Distributed Transactions

  • Hello.

    I have a COM+ application running on a Win2K sp2 box that executes a series of large jobs on demand. The application begins execution of each job by executing a MAIN stored proc on a SQL Server 7.0 DB, that in turn executes a series of stored procedures on 2 linked SQL servers. After the MAIN stored proc completes, the Data tier of the COM+ application sets a transaction vote and returns back to the business tier, which sets the final tx vote.

    I'm having a problem with the small steps inside each MAIN procedure. Every so often, I receive the following error:

    Error Description: -2147217900

    [Microsoft][ODBC SQL Server Driver][SQL Server]The statement has been terminated.

    I receive this error before the global timeout value (global timeout is 1 hr, i get this error in 15 min).

    Also, it has proved difficult for me to repeat this error with any regularity. Example: The batch works with one set of paramters, but the same batch fails with a different set of parameters. When i use the word "batch" i'm referring to the job begun by the COM+ component, executed by Stored procs, and returned to COM+ to set tx votes.

    Also, the MAIN stored procedure always works fine with any set of paramters, if it is run through MS Query Analyzer, and not through the COM+ App.

    finally, I've received this error number many times with different (yet equally ambigious) error messages.



    Matthew mamet

    Matthew Mamet

  • Have you looked at this article:


    Are you running the most recent MDAC on your COM+ box and the latest SP on our SQL box? Are you logging everything so you can make sure it's not a syntax error (embedded single quote or something equally bizarre)?


  • nod.

    i'm using "set xact_abort on/off"

    using sql server profiler, i have not been able to find any sql syntax errors.

    this error is such a pain!

    Matthew Mamet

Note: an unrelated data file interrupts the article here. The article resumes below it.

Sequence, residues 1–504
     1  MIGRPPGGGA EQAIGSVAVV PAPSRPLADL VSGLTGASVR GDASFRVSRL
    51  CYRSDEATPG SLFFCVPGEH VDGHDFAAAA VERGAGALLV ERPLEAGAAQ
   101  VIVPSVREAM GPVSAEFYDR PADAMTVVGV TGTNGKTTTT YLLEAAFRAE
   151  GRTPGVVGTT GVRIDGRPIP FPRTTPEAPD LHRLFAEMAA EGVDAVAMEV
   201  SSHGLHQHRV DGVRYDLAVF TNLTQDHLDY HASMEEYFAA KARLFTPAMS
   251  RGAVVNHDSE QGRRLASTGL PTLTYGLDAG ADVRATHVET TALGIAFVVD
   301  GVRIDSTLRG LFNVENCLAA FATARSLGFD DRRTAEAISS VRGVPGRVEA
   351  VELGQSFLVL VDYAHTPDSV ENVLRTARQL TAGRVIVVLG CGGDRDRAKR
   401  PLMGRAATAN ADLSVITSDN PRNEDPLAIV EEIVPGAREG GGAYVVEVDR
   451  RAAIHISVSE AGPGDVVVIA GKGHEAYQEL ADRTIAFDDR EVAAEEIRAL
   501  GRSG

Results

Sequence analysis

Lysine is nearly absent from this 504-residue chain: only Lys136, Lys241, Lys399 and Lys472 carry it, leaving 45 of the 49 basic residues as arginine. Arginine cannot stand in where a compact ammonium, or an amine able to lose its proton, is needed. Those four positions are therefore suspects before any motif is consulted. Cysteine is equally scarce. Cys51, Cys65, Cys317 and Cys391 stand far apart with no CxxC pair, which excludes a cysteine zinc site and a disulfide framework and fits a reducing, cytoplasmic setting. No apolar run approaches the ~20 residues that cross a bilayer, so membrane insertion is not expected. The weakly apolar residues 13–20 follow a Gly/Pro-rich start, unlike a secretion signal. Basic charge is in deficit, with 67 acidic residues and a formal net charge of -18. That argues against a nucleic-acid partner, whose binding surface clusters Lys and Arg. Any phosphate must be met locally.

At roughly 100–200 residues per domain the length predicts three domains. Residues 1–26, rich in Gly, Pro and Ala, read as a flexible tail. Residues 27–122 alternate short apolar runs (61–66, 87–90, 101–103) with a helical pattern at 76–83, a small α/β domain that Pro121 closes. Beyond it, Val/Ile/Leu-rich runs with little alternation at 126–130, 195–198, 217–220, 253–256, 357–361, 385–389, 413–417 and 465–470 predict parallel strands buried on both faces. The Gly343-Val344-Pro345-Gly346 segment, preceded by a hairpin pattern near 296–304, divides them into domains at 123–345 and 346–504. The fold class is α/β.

• I usually see this error when my T-SQL code does something "illegal" in SQL. Like a divide by 0 (thought I think that actually throws a reasonable error).

    Recheck the SQL code (or post it) with the parameters and be sure no errors can be thrown.

    Steve Jones


  • Maybe rather than post all the code (there are quite a few procs), I'll narrow my question down a bit.

    When you're inside a transaction that is being governed by MTS/DTC, and that transaction must connect to more than 1 SQL Server to complete its task, which is "best" and why?

    1. Simply connect to the linked server by fully qualified name.

    Example: Select * FROM MyLinkedServer.MyDB.dbo.MyTable

    2. Use OpenQuery.

    Example: Select * from OPENQUERY(MyLinkedServer, "Select * FROM MyDB.dbo.MyTable")

    3. Use OpenRowset.

    Example: Select * FROM OPENROWSET('SQLOLEDB', 'MyLinkedServer'; 'MyUID'; 'MyPass',

    "SELECT * FROM MyDB.dbo.MyTable")

    Do any of these 3 methods work any better under an MTS transaction than the other?



    Matthew Mamet

  • You're outside my experience at that point. I find linked servers incredibly useful and I would guess (not tested) that there is a little less overhead since your setup is already done ahead of time. I would still expect it to either work or fail consistently.

    I agree with Steve that there is a good possibility that something is wrong with the syntax or the data on rare occasion. Could it be a deadlock even?

    Only way I know to really resolve is log the hell out of everything, wait for it to happen and try to sort through it. You need to know how far it got and what was happening when it failed. Might also want to profile your TSQL activity on the server in parallel.

    Sorry can't help more than that. I'm guessing you've checked MSDN and Dejanews/Google already?


  • ok, i solved my problem. here's what was going on (if anyone's still interested! :P)

    there was actually two errors.

    the first error was a simple pk_violation error occuring somewhere deep within my procedure.

    the error was being reported back to my COM+ application, and the component dutifully raised the error through its error handler -- where a 2nd bug was lurking in wait.

    the ADO Connection object was being set to nothing before the error collection could be retrieved out of it.

    for any of you who know about VB COM and ADO, there are 2 error objects, the VB one, and the ADO one.

    soooo, to make a long story short - that error number (-2147217900) is an error number that's attempting to tell you that MORE THAN ONE error occurred, and you should loop through the ADO connection's error object to get the details.


    Matthew Mamet

  • Thanks for the follow up!


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